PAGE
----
NFL, players hold 'productive' meeting, no anthem policy discussions

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NFL needs to come out with protocol for anthem protests: Fmr. Lions linebacker

Former Army Ranger and former Detroit Lions linebacker Caleb Campbell on the NFL meetings regarding the widespread national anthem protests.

The NFL and its players union on Tuesday said they held “productive” talks about the league’s social justice efforts amid an ongoing debate about national anthem protests, though the talks did not appear to yield any changes to league policy on whether players must stand during the ceremony.

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A group of 11 owners and more than a dozen players met at the league's headquarters. Among the topics discussed was enhancing the players' platforms for speaking out on social issues.

"We heard what they had to say and they heard us," Miami Dolphins owner Stephen Ross said. "It's open talks and that's a good thing."

Ross said that the NFL's policy on the national anthem "did not come up." That policy states that the players "should" stand for the anthem, and some have suggested the league would seek to change that to "must" stand. NFL Commissioner Roger Goodell said in a memo to the teams last week that the NFL prefers for players to stand during "The Star-Spangled Banner."

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The players' union and the league issued a joint statement just before the annual fall owners meetings began.

"Today owners and players had a productive meeting focused on how we can work together to promote positive social change and address inequality in our communities," the statement said. "NFL executives and owners joined NFLPA executives and player leaders to review and discuss plans to utilize our platform to promote equality and effectuate positive change. We agreed that these are common issues and pledged to meet again to continue this work together.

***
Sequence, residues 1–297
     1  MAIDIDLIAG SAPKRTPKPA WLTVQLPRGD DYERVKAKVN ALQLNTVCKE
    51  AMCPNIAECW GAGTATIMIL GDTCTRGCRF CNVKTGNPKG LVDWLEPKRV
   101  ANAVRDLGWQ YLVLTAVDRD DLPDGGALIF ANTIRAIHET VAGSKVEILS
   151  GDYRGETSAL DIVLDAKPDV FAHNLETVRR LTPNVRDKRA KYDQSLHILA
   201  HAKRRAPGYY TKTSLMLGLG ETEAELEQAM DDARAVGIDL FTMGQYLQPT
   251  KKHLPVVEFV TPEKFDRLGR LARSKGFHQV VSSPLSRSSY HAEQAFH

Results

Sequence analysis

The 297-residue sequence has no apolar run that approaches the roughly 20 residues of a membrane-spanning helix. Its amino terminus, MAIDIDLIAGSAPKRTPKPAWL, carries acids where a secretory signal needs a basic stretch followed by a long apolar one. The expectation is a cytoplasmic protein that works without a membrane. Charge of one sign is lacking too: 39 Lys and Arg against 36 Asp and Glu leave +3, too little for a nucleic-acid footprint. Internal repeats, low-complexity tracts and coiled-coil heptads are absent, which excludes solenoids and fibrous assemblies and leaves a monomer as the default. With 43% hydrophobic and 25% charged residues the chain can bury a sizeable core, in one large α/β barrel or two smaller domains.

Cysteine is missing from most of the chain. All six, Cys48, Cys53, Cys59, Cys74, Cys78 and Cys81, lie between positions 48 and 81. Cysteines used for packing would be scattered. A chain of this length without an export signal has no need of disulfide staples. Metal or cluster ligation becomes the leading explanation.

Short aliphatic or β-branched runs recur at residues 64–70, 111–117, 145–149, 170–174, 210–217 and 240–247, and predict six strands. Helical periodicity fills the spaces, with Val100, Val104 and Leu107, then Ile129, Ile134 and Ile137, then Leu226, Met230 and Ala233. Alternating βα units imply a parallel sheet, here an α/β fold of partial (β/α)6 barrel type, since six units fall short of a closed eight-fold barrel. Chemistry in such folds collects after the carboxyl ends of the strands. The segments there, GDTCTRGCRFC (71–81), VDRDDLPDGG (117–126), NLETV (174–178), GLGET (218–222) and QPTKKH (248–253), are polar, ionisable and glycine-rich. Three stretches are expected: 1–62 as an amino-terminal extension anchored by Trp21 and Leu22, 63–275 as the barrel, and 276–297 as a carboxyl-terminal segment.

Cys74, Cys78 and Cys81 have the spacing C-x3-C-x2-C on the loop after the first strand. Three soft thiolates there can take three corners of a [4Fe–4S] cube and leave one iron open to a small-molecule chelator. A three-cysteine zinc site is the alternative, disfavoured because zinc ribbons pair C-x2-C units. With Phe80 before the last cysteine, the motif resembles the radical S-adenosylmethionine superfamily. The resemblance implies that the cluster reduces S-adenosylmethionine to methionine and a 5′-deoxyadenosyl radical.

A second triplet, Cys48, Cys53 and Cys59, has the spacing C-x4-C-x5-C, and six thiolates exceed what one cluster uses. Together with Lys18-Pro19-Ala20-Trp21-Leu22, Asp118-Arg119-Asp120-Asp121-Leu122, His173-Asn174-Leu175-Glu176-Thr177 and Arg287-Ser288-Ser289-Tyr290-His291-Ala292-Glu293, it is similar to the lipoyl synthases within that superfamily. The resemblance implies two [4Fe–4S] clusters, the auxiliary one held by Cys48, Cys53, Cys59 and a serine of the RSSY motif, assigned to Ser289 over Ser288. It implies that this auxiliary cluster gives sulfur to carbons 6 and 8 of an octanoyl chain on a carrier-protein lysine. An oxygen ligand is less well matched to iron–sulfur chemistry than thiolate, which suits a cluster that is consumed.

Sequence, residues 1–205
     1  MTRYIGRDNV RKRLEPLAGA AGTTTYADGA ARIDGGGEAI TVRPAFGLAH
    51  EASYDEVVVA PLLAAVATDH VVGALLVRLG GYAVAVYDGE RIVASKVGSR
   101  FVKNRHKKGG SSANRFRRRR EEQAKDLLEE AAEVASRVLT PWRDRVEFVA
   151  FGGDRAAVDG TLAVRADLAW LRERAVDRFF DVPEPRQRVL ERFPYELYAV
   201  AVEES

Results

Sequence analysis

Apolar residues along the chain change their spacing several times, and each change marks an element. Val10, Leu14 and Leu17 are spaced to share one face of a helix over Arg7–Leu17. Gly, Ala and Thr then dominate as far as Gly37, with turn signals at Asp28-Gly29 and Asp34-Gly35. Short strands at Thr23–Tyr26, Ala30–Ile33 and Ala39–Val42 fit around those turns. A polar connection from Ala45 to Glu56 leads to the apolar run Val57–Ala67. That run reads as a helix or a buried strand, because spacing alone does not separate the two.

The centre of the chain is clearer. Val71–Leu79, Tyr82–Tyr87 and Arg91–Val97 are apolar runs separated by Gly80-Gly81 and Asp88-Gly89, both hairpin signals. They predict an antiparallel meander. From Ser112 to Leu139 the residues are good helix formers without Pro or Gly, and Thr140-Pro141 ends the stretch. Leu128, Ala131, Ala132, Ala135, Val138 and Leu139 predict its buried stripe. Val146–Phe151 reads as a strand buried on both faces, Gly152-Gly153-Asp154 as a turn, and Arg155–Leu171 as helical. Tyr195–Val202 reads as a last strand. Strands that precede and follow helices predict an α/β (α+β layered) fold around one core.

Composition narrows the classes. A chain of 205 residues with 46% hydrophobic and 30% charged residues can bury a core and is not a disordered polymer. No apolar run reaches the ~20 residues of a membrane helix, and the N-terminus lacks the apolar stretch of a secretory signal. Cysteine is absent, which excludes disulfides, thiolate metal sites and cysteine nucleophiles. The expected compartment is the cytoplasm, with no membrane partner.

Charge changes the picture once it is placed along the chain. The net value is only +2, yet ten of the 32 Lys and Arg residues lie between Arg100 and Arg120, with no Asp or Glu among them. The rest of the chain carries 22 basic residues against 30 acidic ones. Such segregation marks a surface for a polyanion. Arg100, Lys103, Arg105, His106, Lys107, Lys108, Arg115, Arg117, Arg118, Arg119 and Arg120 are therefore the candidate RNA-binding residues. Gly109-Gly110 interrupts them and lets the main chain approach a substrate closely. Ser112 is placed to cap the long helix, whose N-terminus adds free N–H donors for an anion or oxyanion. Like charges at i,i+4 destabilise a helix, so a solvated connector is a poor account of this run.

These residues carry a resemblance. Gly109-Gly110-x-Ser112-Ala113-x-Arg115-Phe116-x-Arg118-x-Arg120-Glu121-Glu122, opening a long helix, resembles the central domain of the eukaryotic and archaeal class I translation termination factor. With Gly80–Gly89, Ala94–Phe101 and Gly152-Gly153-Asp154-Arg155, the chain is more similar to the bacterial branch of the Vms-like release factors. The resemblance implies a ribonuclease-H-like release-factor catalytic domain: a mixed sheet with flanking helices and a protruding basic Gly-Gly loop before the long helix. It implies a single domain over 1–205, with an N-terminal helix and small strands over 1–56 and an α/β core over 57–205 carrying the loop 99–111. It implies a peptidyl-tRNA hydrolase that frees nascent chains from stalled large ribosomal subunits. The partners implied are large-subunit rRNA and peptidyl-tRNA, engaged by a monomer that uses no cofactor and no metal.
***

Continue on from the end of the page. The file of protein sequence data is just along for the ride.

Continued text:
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"As we said last week, everyone who is part of our NFL community has a tremendous respect for our country, our flag, our anthem and our military. In the best American tradition, we are coming together to find common ground and commit to the hard work required for positive change."

While the NFL’s current policy does not require players to stand for the anthem, Dallas Cowboys owner Jerry Jones generated criticism earlier this month when he vowed to bench any player who kneels during the anthem in the future.

On hand at the meeting were Goodell and the league's football operations chief, former player Troy Vincent; and owners Michael Bidwill (Arizona), Arthur Blank (Atlanta), Terry Pegula (Buffalo), Robert McNair (Houston), Shad Khan (Jacksonville), Ross, Robert Kraft (New England), John Mara (New York Giants), Art Rooney (Pittsburgh), Jeffrey Lurie (Philadelphia) and Jed York (San Francisco).

Representing the players were NFLPA Executive Director DeMaurice Smith, union president Eric Winston, former player Anquan Boldin, and current players Darius Butler (Indianapolis), Russell Okung (Los Angeles Chargers), Kenny Stills, Julius Thomas and Michael Thomas (Miami), Mark Herzlich (New York Giants), Kelvin Beachum and Demario Davis (New York Jets), Malcolm Jenkins and Chris Long (Philadelphia), Eric Reid (San Francisco) and Josh Norman (Washington).

Earlier, outside of the hotel where the owners are meeting, two dozen supporters of Black Lives Matter New York held a rally backing the players for speaking out — particularly former 49ers quarterback Colin Kaepernick for kneeling during the anthem last year in protest of racial injustice in America.

Demonstrations during the anthem increased when President Donald Trump called the players unpatriotic if they knelt during the anthem, with both players and league executives saying the meaning of the protests has been misconstrued by the president and his supporters.

At a game earlier this month, Vice President Mike Pence walked out of Indianapolis' Lucas Oil Stadium after several 49ers knelt during the anthem.

Also Tuesday, Jones was confronted by two people in the lobby of the Manhattan hotel where the owners are meeting. The protesters shouted at him about white supremacy while Jones was surrounded by bodyguards. Jones stopped to listen but said nothing, and the protesters were peacefully led away.

The Associated Press contributed to this report.

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